Thursday, 11 August 2011

Riots, the State of Nature and the Social Contract

The scenes of rioting in the UK over the last few days have been pretty awful, involving, as they have, widespread destruction of property and of some people's homes. The responses to the riots have had problems of their own, resting largely, as they have, on appeals for repressive state measures and ritual incantations of the need for re-moralising society. Amidst this fevered hubbub it has become apparent that the reflex responses of members of the public, as well as of the leading politicians in the country, are basically punitive in nature. 

To an extent these responses are understandable since it is true that threats to livelihoods, homes and basic physical security, do tend to panic people. And I am far from wanting to engage in extended responses here concerning the question of what drives people to engage in behaviour that puts such things at risk, though not because I think such discussion is otiose. Rather it is because, in the first instance, what strikes me as important here is to reflect on the question of what philosophically there is to say about what these riots reveal to us about social order and social cohesion.

In the first instance, what comes to mind is the way that these riots reveal the need for discussion of the notion of the "state of nature". This notion has been misunderstood as either a historical one or as being something that is only at the edges of political theory, something preliminary, as it were, to its real business. What disturbances of the sort we have witnessed have revealed, however, is how central to the task of political philosophy the discussion of the state of nature really is. It is not only that the riots reveal well how a state of nature can be re-created in advanced societies, even if only in a few streets and for a short time. It is, even more, that the problems that the social contract is meant to resolve, problems of assurance and the overcoming of isolation, are not conclusively solved in any of the societies in which we live which is why they remain beset by recurrences of reversion to the state of nature.

Hence it is not only false to think that the state of nature is an historically closed episode, it is also wrong to think that it is not of continuous relevance in the comprehension of the bases of social order. A state of nature is constituted whenever it is the case that there exists in a situation no conclusively established and reliably applicable authority. In this sense our societies, whilst based on social contracts for the most part, are riven with exceptions that place us either as individuals or members of groups, back into the state of nature. Once placed there we have the basic problems revealed again that require recourse to the social contract. In this sense the need for social order is much more basic than the ritual incantations of politicians, commentators and social theorists, suggest.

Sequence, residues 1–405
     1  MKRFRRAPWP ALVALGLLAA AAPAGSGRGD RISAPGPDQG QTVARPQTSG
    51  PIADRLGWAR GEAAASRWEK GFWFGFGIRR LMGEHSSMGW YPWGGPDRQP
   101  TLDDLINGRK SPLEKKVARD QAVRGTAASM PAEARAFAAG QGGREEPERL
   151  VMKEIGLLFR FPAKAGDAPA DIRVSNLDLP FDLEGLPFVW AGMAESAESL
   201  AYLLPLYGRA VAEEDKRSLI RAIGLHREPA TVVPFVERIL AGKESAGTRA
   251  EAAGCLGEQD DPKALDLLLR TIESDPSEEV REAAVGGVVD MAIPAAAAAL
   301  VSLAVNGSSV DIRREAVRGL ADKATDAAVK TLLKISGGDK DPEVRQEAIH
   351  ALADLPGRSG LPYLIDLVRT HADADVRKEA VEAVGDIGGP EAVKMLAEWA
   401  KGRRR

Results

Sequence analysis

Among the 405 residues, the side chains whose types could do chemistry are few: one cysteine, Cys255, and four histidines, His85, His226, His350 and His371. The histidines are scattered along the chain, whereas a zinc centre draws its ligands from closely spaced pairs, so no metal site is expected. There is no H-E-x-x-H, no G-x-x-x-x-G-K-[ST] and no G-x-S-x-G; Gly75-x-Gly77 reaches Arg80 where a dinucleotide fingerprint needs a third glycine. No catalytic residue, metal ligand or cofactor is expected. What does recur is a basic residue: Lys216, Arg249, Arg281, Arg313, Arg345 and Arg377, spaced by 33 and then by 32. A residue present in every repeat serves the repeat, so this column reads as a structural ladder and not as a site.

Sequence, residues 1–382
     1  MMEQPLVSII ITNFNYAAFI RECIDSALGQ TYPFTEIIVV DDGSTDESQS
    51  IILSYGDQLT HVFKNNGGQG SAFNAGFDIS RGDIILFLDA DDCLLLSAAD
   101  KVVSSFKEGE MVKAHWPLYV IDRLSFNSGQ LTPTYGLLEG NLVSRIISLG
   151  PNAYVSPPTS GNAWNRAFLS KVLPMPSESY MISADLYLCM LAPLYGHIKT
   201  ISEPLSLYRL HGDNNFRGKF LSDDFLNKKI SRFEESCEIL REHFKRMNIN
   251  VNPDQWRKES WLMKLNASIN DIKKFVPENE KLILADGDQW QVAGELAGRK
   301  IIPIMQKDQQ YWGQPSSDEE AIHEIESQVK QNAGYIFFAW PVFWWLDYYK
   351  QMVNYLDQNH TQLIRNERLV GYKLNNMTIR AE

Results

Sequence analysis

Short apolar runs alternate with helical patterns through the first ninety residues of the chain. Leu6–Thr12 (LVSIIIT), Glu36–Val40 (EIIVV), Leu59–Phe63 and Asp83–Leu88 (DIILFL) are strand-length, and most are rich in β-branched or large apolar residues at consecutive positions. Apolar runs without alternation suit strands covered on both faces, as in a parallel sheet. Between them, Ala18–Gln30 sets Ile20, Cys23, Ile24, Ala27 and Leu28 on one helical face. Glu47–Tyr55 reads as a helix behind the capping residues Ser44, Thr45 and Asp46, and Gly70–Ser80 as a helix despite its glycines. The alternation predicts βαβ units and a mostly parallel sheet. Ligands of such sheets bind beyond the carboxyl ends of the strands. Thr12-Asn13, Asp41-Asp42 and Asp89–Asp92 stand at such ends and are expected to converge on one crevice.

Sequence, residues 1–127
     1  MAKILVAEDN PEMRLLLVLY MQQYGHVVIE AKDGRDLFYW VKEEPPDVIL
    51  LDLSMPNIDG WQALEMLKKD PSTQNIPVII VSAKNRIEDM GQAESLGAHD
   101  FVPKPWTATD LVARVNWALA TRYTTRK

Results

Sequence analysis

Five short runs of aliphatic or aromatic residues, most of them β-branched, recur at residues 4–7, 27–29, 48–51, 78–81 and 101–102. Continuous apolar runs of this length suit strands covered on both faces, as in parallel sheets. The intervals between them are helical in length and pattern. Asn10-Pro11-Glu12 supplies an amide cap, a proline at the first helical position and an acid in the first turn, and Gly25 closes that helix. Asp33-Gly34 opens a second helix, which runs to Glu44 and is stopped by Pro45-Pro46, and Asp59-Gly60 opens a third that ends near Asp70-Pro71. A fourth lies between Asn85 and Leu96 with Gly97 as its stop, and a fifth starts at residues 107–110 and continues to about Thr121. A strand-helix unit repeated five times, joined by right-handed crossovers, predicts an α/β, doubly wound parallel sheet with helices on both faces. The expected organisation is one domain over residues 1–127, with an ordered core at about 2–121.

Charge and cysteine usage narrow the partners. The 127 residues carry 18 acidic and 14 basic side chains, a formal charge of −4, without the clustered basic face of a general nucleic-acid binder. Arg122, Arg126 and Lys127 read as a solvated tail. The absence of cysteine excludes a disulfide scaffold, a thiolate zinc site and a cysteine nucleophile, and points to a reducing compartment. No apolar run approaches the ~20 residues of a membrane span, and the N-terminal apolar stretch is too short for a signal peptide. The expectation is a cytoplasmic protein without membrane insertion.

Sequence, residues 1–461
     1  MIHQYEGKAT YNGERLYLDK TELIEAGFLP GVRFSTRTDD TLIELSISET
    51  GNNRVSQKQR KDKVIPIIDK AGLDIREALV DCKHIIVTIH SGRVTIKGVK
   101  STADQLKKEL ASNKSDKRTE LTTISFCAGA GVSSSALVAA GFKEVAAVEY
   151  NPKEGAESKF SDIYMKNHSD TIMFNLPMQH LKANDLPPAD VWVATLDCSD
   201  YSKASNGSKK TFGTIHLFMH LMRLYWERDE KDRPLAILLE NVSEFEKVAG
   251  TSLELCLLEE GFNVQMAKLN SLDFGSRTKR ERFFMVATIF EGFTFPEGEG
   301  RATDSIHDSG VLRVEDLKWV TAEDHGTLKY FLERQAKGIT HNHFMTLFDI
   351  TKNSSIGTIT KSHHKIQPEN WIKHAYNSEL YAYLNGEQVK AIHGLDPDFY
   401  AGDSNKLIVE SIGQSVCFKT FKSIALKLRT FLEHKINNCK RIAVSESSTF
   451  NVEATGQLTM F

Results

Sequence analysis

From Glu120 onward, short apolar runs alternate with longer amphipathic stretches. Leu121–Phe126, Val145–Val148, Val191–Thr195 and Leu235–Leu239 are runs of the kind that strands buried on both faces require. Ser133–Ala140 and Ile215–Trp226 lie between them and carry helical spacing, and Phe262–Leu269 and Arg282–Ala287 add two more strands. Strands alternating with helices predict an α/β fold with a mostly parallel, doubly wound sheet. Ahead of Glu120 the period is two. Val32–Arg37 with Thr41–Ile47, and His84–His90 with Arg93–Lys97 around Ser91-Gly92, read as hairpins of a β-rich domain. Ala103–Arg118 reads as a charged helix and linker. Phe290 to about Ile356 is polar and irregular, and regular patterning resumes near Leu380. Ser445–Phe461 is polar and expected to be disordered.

It is not merely a problem of appealing for 'parents to parent' or for measures that alleviate problems of poverty and neglect, it is also a problem of articulating both within the spaces governed by the social contract and those apertures through which authority disappears, the need for a regulation of behaviour that enables the formation and re-formation of ordered connections such that something like cohesion can be said to exist. The ritual noises that we hear on such occasions point to formations that allegedly threaten such order, whether what is meant here are loose morals or chasms of inequality. Such factors are not without interest in the overall understanding of social order but the basis of it is elsewhere. It is in the simple view that there is an interest in order existing and being maintained in a manner that supersedes that which can tie together a band of robbers. This case is far from simple and cannot be regarded as conclusively established  but that it requires to be made and re-made is the basic philosophical lesson that emerges from these disturbances, a lesson that is of more lasting interest and importance than either the disturbances themselves or the ritual denunciations that are made when they take place.

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